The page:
32. public sector IT departments, this means that too many public bodies
  33. never look beyond their long-standing relations with suppliers of
  34. non-free software.
  35. </p>
  36. <p>
  37. At FSFE, we work with journalists and researchers to highlight the
  38. work of public sector organisations that are doing it right. When a
  39. public body makes mistakes, we help them to correct them. And when
  40. necessary, we put pressure on organisations that insist on harmful
  41. ways of purchasing software.
  42. </p>
  43. <h2>Why procurement matters </h2>
  44. <p>
  45. Public procurement spending equals nearly 20% of the EU's GDP <a class="fn" id="ref-ofe-procurement" href="#fn-ofe-procurement">1</a>. The
  46. public sector's procurement choices have very real effects on the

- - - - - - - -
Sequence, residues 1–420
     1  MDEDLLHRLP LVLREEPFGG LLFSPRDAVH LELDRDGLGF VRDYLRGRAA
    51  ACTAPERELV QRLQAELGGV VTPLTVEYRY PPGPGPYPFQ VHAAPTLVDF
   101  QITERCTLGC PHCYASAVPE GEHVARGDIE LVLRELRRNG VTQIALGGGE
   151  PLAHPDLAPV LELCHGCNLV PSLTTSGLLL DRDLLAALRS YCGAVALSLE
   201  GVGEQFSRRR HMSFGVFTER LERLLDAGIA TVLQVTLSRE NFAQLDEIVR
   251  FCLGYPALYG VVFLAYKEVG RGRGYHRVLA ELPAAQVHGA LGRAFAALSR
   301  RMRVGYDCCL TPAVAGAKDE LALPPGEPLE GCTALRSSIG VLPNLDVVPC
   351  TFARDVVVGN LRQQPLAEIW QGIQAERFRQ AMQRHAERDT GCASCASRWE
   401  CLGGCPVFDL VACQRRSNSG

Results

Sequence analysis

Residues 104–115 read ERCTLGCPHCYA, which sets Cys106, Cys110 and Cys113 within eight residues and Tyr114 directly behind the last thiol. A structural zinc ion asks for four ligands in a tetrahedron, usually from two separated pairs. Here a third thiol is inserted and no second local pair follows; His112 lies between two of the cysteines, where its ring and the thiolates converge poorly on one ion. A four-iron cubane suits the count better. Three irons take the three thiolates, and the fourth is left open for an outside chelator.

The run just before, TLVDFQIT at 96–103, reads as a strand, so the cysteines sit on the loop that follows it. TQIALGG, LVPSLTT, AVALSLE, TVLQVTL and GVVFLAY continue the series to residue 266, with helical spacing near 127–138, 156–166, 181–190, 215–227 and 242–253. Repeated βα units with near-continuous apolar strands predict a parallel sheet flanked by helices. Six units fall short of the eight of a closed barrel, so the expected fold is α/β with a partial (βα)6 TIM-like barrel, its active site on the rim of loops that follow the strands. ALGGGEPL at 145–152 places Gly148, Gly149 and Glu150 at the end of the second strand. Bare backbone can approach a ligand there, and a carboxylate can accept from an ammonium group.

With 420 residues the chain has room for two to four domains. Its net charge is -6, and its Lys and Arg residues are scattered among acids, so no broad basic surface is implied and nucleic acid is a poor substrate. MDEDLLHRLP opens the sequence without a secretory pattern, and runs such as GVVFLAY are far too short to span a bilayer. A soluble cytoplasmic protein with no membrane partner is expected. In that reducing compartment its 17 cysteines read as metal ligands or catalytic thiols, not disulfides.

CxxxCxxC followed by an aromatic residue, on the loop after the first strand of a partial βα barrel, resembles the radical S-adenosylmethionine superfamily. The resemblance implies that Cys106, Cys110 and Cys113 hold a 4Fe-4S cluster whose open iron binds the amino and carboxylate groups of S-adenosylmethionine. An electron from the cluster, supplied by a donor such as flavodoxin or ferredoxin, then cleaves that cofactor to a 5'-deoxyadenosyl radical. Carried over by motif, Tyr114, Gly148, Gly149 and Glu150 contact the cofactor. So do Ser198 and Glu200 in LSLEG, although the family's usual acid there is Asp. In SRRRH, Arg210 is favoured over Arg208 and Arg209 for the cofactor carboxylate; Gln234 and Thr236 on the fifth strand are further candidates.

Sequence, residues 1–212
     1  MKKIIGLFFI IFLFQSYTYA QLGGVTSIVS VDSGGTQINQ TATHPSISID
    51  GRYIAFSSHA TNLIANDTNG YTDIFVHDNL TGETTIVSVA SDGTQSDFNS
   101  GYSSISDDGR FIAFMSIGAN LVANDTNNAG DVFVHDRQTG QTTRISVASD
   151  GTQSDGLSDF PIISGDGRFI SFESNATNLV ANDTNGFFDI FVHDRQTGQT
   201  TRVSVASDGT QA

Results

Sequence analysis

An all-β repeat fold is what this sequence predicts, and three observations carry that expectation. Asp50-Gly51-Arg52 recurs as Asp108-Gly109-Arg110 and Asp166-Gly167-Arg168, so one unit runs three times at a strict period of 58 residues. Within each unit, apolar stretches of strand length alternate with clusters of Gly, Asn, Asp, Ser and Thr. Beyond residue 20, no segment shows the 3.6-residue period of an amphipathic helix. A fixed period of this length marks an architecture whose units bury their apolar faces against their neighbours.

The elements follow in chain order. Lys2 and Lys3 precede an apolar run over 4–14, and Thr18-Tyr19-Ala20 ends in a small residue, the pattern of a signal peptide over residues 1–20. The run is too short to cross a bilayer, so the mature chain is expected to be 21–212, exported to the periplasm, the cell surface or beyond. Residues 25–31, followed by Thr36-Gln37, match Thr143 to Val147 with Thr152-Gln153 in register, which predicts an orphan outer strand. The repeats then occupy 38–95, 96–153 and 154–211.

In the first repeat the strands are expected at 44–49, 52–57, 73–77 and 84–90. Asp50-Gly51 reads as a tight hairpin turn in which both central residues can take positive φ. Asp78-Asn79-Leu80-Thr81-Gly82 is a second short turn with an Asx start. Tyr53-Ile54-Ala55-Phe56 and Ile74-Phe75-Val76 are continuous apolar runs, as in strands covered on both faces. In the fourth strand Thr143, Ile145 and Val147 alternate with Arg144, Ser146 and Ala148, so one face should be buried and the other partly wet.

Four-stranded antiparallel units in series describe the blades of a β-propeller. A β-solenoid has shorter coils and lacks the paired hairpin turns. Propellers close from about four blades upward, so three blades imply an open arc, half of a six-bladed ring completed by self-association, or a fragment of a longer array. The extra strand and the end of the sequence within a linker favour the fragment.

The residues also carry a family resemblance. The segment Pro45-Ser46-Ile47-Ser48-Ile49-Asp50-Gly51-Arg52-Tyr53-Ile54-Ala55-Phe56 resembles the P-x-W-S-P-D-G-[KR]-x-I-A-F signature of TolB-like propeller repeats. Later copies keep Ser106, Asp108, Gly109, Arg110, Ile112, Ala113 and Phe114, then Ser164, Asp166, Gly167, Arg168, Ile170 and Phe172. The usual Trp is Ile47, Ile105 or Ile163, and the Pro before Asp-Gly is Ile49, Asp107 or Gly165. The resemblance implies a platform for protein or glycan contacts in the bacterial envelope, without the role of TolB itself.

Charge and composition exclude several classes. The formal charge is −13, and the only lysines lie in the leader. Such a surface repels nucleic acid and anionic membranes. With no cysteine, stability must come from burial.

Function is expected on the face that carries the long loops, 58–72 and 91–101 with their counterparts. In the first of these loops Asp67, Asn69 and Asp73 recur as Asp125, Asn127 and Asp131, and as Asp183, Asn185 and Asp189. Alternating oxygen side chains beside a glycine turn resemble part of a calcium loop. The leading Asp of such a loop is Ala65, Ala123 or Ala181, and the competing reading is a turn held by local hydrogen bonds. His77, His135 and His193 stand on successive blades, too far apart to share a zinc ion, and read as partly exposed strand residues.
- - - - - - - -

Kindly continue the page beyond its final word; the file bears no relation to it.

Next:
47. economy, and play a significant role in determining the sort of firms
  48. that thrive in the market.
  49. Even with current procurement practices, Free Software already
  50. delivers very significant benefits for the European economy. Daffara
  51. (2012) estimates that Europeans enjoy 114 billion EUR per year in
  52. direct cost savings thanks to Free Software<a class="fn" id="ref-daffara-estimate" href="#fn-daffara-estimate">2</a>.Anecdotal evidence points in the same direction. Many public adminstrations that begin using Free Software see their IT costs drop by 50-90%.
  53. </p>
  54. <p>
  55. The public sector's buying decisions also has a significant influence